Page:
In his October 25th memorandum to the judges specifying that 3rd offender DWI defendants begin serving their jail terms immediately upon pronouncement of sentence, the Administrative Director of the Courts made reference to a list of licensed substance abuse facilities.
For your convenience, download a copy of the referenced list here.
The Administrative Director of the Courts has issued a memorandum dated October 25th to municipal court judges that instructs them to send defendants who have been convicted of third offense drunk driving violations directly to jail from the court room. The memorandum also indicates that when a defendant seeks to enroll in an in-patient program in lieu of jail, that the relevant jail sentence, less any anticipated credits should be served first. Judges may also award discretionary credit for in-patient time accomplished prior to the imposition of the balance of the jail sentence.
There must be “compelling” reasons for deviating from the procedures set forth in the memorandum and they should be adequately spelled out on the record.
Download a copy of the October 25th memorandum.
Normally, criminal liability in a prosecution involving vehicular homicide is based upon “but-for” causation – that is to say that the resulting death would not have occurred but for the reckless conduct of the defendant. However, when there is evidence to suggest that the volitional act of a third party resulted in the death, the reckless conduct of the defendant becomes irrelevant on the issue of guilt due to the lack of causation.
In this morning’s Appellate Division decision in State v. Eldridge, the defendant was charged with 2 counts of death by auto. The prosecution’s version of the case was that she operated an automobile while intoxicated in a reckless manner and crashed into a tree. Two passengers in her vehicle were killed in the accident. The defendant testified that one of the passenger’s caused the accident by pushing her face with his hands while she was driving immediately before the crash.
The Appellate Division ruled that the jury should have been charged on the issue of intervening causation since jury might have chosen to find that the accident did not directly result from the defendant’s intoxication and recklessness, but rather from the intervening actions of the passenger.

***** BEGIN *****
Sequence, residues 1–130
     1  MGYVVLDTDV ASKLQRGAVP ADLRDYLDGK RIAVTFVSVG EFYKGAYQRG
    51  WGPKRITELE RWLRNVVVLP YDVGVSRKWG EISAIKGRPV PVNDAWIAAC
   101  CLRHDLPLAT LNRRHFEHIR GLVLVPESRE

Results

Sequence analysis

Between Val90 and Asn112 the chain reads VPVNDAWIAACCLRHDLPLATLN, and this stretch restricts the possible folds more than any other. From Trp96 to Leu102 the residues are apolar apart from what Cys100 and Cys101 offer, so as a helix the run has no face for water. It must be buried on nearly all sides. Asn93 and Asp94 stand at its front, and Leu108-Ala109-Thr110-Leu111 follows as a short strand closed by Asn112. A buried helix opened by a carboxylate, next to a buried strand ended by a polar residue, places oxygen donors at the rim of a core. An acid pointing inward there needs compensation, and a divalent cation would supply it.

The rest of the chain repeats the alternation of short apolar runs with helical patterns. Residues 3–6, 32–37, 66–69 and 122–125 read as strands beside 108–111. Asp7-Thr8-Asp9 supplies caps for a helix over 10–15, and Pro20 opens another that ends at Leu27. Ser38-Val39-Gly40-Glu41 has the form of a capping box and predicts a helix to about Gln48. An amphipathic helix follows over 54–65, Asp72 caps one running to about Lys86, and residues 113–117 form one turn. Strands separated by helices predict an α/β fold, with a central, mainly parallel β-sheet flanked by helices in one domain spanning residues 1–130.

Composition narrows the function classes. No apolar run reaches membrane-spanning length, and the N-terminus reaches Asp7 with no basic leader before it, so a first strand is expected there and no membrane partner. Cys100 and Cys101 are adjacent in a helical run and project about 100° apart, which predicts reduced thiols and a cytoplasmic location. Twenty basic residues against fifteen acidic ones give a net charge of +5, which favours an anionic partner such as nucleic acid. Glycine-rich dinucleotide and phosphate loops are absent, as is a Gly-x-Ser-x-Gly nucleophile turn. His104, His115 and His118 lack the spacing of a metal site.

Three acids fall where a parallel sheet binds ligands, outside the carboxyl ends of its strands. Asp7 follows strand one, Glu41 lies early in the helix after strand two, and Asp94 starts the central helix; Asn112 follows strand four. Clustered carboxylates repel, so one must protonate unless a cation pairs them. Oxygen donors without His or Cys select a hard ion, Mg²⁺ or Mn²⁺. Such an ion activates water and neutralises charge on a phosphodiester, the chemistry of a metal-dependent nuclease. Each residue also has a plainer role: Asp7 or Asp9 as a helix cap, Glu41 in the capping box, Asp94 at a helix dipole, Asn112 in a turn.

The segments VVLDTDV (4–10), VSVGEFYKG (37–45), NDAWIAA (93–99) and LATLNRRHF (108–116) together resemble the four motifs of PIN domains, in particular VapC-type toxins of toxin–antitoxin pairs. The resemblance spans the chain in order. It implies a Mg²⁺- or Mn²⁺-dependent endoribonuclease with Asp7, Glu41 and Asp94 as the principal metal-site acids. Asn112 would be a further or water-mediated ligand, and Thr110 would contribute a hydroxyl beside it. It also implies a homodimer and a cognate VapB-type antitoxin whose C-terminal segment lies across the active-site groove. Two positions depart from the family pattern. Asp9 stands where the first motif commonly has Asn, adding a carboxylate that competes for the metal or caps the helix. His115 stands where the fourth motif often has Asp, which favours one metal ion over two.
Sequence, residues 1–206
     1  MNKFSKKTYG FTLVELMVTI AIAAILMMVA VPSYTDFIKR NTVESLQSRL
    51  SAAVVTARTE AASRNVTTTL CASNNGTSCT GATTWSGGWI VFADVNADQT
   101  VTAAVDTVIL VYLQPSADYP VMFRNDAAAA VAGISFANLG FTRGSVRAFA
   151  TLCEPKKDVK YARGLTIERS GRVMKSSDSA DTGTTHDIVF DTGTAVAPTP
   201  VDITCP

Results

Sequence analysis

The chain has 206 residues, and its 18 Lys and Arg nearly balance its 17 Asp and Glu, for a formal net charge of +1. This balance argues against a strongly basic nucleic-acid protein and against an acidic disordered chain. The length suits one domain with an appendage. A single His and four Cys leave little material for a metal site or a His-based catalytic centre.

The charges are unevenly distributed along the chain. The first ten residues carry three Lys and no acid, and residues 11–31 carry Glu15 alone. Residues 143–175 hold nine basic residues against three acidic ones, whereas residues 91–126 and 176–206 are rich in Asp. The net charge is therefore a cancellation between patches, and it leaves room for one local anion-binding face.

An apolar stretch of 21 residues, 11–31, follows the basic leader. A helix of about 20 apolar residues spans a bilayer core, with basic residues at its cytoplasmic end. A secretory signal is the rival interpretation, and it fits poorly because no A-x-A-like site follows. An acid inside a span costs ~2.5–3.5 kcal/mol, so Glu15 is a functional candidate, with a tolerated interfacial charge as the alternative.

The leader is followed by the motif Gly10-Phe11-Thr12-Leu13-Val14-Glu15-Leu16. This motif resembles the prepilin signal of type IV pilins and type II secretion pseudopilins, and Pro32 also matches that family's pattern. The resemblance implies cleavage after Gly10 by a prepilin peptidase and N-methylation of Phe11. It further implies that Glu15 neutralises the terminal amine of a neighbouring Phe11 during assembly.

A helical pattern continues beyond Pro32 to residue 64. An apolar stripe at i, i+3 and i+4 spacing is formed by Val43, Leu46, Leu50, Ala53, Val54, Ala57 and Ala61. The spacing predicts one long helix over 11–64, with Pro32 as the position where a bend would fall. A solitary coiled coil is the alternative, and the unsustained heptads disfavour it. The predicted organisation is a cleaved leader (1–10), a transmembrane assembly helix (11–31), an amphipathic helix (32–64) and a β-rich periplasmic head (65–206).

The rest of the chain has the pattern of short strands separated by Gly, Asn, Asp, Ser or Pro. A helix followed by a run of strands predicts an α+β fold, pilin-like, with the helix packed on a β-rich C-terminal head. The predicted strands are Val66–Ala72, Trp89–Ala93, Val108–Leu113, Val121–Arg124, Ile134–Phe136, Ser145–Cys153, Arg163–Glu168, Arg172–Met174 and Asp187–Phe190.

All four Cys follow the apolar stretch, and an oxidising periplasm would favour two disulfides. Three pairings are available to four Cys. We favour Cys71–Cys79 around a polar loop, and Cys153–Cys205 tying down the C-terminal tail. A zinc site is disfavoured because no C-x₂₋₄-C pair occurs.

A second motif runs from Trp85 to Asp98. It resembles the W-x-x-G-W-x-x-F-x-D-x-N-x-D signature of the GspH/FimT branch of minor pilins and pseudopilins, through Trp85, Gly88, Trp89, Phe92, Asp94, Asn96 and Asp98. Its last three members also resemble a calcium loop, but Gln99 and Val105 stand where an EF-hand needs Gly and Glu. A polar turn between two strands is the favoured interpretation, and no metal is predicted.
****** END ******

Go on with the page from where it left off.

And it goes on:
As a side issue, note that the defendant was permitted to utilize the extrapolation defense through an expert witness (Dr. Saferstein) on the drunk driving issue in the case as it related to the recklessness element of the vehicular homicide charge. This defense is not permitted in drunk driving cases in municipal court. (See State v. Tischio, 107 N.J. 504 (1987)).
Download a copy of State v. Eldridge.
Annual N.J. Arrest Search & Seizure Review on November 29th
This 3 credit hour CLE seminar is a “must attend” for attorneys and law enforcement professionals who absolutely, positively must be current on the law affecting 4th and 5th amendment issues in New Jersey.
The event is part of the Mercer County Bar Association’s XTREME CLE program and will run from 4:30 pm to 7:30 pm. It will be held at the National Conference Center in Hightstown, just a few inches off exit 8 of the Turnpike.
In addition to a full dinner and extensive materials, all who attend will receive a copy of the newly published “New Jersey Annual Arrest, Search & Seizure Review – 2006” by Thomson-West.
To reserve your spot at this critically important seminar, simply fill out and fax the attached order form. Questions???? Just call Francine at 609-585-6200 or e-mail her at email@example.com.
Download a copy of the Arrest Search & Seizure Review .